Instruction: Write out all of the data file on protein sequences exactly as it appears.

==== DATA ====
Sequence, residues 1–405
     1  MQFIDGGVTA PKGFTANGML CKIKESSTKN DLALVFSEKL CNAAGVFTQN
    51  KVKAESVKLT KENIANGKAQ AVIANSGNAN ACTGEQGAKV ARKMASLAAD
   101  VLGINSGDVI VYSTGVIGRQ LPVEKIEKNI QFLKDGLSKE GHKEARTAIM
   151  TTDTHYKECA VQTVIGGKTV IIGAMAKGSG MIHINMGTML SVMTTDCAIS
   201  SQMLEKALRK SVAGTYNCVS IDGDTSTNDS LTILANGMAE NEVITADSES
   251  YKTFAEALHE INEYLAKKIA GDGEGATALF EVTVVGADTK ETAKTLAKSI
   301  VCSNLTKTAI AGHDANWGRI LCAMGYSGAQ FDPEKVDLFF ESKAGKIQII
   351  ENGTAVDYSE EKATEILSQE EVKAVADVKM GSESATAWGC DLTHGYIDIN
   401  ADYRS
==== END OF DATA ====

Sequence, residues 1–405
     1  MQFIDGGVTA PKGFTANGML CKIKESSTKN DLALVFSEKL CNAAGVFTQN
    51  KVKAESVKLT KENIANGKAQ AVIANSGNAN ACTGEQGAKV ARKMASLAAD
   101  VLGINSGDVI VYSTGVIGRQ LPVEKIEKNI QFLKDGLSKE GHKEARTAIM
   151  TTDTHYKECA VQTVIGGKTV IIGAMAKGSG MIHINMGTML SVMTTDCAIS
   201  SQMLEKALRK SVAGTYNCVS IDGDTSTNDS LTILANGMAE NEVITADSES
   251  YKTFAEALHE INEYLAKKIA GDGEGATALF EVTVVGADTK ETAKTLAKSI
   301  VCSNLTKTAI AGHDANWGRI LCAMGYSGAQ FDPEKVDLFF ESKAGKIQII
   351  ENGTAVDYSE EKATEILSQE EVKAVADVKM GSESATAWGC DLTHGYIDIN
   401  ADYRS